May 11, 2008 04:02 pm at 4:02 pm |
  15. Sue P / Emporium, PA

    The math is against her even if they split the remaining 6 primary contests and even in the 3 she may win, she wins by 70%. Mathematically Obama IS the democratic nominee.

    Why is she staying in the race.........hmmmmmmm.... she is probably working on her new brew (divisivness) while stirring the pot (she only gets white uneducated voters & female white voters) with more eye of neut and frogs legs.

    Even the Great and Powerful OZ cant help her now.

    Older WHITE FEMALE voter for OBAMA

    May 11, 2008 04:02 pm at 4:02 pm |
  16. David Goldman for OBAMA

    HILLARY IS NOT NOR HAS SHE EVER BEEN A LEADER.

    SHE IS IN A PRETEND WORLD OF HER OWN.

    SHE MADE HERSELF IRRELEVANT,

    BEFORE BECOMING RELEVANT.

    May 11, 2008 04:08 pm at 4:08 pm |
  17. Keith

    Does Clinton have a chance? ummmm..... let me think.... NO!!

    May 11, 2008 04:11 pm at 4:11 pm |
  18. JC

    I am sure she can write another book about her primary so we can hear her side of the story at a price.

    May 11, 2008 04:14 pm at 4:14 pm |
  19. 58 white old ladies for OBAMA

    HILLARY NEEDS TO STOP LYING, ESPECIALLY

    TO HER SELF. SHE HAS NEVER ACCOMPLISHED ANYTHING.

    THE ONLY THING SHE ATTEMPTED WAS THE HEALTH CARE

    PROGRAM SHE DROPPED FOR LOBBYIST MONEY.

    ALL HER CREDENTIALS COME FROM BEING MARRIED

    TO BILL CLINTON. EVEN HER SENATE SEAT IS AN

    EXTENSION OF BILL'S PRESIDENCY. HOW SAD IS THAT?

    May 11, 2008 04:14 pm at 4:14 pm |
  20. Mike

    Hillary ! You cunning monster!! I saw you and Uncle Tom, Charlie Rangel at your NYC fundraiser. You plan to wait and fool the white voters of W. VA. Then announce your choice for your Black Vice President running mate Rangel. Grab the white vote in W. VA. and KY. then kiss up to the black vote too. My god woman. You are the master of deciet!

    May 11, 2008 04:15 pm at 4:15 pm |
  21. Zoe

    Part of what makes a candidate for this level worthy, is knowing how to concede with dignity and marshal support for one's opponent in
    a way thats speaks to maturity and selfless service to one's country.

    Hillary is now, painful to watch and listen to. Doesn't anyone in her camp, respect her enough, to tell her its over and she will look much better initiating closure than being dragged through it.

    May 11, 2008 04:15 pm at 4:15 pm |
  22. Chris in Missouri

    I've wanted to point this out previously, and maybe this is NOT the best post in which to make this reply, but...

    The Indiana and North Carolina results were actually more skewed in Sen. Obama's favor than the press has indicated, due to rounding. When I reviewed the actual vote totals on Wednesday afternoon, Sen. Clinton had less than a 1.5% lead (in believe it was about 50.74% to 49.26%) in Indiana, while Sen. Obama was actually more than 15% points ahead in North Carolina. The fact that candidate percentages are being reported in whole percentage points results in this variation.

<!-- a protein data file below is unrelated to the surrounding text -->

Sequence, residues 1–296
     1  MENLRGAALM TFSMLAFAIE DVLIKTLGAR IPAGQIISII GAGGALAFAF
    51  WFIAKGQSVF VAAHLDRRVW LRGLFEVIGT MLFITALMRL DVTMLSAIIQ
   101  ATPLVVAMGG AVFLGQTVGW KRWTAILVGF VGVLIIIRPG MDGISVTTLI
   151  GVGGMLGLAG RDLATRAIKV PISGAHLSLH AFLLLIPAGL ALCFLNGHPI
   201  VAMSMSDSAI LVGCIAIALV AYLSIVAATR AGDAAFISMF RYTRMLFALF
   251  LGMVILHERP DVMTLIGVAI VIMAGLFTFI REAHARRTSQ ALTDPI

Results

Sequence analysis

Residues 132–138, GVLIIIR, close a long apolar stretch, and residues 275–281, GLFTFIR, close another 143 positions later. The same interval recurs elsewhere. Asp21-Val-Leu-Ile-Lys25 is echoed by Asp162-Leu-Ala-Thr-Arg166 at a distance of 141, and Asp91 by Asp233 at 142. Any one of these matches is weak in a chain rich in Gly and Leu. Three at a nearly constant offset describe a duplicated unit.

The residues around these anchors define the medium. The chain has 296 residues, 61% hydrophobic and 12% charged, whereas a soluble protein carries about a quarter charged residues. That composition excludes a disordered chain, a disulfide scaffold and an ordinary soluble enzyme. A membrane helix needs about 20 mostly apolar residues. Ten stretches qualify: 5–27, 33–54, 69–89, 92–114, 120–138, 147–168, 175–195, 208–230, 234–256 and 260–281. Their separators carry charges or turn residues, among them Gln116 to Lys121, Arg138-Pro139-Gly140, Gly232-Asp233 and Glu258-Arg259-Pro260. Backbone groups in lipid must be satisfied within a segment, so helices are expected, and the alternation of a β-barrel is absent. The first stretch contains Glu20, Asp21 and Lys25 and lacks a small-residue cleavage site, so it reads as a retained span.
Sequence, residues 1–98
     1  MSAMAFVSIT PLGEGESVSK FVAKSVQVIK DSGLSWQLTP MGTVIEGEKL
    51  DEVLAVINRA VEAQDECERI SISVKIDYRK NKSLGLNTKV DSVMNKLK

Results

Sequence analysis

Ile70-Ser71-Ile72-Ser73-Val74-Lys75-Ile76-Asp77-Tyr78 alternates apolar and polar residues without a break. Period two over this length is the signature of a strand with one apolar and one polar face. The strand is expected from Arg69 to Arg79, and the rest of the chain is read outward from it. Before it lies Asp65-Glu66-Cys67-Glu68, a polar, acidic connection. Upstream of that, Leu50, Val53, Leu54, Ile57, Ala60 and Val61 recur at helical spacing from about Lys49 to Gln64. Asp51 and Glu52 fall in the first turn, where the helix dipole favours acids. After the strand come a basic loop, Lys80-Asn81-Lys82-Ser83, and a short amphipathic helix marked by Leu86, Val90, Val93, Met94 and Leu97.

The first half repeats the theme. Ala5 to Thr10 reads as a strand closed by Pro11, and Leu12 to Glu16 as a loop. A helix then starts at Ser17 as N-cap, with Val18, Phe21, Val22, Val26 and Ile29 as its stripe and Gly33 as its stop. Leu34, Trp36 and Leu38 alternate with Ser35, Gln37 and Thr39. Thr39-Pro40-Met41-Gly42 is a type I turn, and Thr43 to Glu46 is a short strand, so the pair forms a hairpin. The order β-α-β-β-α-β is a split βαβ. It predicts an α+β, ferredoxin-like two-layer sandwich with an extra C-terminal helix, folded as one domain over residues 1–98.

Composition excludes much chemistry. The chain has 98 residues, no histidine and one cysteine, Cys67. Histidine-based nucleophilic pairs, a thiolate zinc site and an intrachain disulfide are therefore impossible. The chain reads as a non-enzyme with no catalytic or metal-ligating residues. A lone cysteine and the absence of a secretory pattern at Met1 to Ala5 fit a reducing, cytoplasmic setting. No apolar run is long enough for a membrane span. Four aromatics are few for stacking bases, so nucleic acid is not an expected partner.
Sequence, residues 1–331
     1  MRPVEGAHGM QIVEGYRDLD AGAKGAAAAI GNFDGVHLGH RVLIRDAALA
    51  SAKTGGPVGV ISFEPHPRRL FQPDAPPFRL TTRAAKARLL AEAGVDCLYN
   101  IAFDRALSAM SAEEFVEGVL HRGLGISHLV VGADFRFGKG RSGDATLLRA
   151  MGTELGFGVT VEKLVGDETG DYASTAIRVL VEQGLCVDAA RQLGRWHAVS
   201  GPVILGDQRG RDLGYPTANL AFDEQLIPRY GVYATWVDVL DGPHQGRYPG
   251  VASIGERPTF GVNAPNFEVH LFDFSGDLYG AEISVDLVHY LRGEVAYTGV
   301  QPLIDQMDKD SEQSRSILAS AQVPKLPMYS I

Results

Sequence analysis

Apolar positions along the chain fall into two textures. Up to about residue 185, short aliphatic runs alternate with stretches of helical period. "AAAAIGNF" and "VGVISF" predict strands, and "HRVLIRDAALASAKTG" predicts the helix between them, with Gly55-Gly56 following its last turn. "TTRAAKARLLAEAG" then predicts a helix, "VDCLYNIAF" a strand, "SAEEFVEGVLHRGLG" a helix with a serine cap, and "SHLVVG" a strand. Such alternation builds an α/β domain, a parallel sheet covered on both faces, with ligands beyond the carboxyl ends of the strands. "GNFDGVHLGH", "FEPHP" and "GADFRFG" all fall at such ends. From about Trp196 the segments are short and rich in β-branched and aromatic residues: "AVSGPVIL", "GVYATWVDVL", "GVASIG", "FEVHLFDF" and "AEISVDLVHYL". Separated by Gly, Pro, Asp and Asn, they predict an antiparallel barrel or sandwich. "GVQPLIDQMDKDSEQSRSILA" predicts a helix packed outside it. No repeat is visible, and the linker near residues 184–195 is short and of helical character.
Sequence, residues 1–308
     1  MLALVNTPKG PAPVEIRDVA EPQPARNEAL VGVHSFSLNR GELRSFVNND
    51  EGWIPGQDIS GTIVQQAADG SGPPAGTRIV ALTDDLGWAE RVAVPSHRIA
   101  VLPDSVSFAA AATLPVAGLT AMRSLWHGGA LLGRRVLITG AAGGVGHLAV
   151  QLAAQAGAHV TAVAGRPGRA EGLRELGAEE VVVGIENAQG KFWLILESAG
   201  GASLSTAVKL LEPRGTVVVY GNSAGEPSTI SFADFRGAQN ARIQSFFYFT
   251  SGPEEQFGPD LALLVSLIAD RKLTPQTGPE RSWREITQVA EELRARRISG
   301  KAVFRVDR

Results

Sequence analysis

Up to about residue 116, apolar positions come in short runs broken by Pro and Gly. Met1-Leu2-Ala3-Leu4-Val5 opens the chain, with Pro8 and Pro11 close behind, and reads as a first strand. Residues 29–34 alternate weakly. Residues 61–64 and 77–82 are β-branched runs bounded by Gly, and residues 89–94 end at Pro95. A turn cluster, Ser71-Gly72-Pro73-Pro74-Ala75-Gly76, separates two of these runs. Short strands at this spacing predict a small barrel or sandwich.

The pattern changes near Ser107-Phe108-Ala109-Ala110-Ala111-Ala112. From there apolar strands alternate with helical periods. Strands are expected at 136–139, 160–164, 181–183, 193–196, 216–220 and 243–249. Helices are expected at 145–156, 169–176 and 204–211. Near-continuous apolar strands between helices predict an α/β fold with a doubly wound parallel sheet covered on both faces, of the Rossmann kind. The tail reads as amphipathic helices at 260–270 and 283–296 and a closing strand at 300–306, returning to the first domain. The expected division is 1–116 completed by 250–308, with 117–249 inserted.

May 11, 2008 04:21 pm at 4:21 pm |
  23. Oregon

    Well the math is imoossible and it is written all over the US and the of the world on every body's TV sreen.
    The Democratic party is losing its standard by letting Clinton to ask what works in her favor when she want no matter what the rules were. Rulee are rules Florida and Michican must not be seated in the convention in Denver this summer because they disqualify themselves.If they seat Florida and Michigan the party will have no future power on any states primaries. They will decide their primary whenever they want because they will view the Democratic party as powerless.
    God loves America and he resists the proud and he punishes the recist one.

    May 11, 2008 04:26 pm at 4:26 pm |
  24. Chris, Middletown, CT

    It was over a long time ago....Hillary is the only one who doesn't know (HRC Supporters....now that you have some time....maybe research Obamas positions on his website...and stop parrotting this "all talk" deal Hillary suggested you say – and then research Hillarys record (how many cabinet meetings she attended...etc) – and her connection and support to Saul Alinsky.....then....be really angry that you were lied to...really angry...because....contrary to what you think...they don't "all do it" – there is no evidence that Obama lied even once....

    May 11, 2008 04:26 pm at 4:26 pm |
  25. R. Squibbs

    All this breathless speculation in the media is pointless. The race will be over on June 4, when the majority of remaining superdelegates will throw their support behind Obama. At that point I doubt Clinton will try to press the matter, since I don't think she really aims to hurt the party, however incredulous she may be that she's not the nominee.

    It's time to turn our attention to the general election, and to work to get Obama, and as many Dem members of congress as possible, elected.

    May 11, 2008 04:27 pm at 4:27 pm |